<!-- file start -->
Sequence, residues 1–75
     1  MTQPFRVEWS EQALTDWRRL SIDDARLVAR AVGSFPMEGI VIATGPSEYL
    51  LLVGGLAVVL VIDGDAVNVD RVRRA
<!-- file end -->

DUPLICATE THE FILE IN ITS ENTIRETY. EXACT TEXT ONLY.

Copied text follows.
Sequence, residues 1–75
     1  MTQPFRVEWS EQALTDWRRL SIDDARLVAR AVGSFPMEGI VIATGPSEYL
    51  LLVGGLAVVL VIDGDAVNVD RVRRA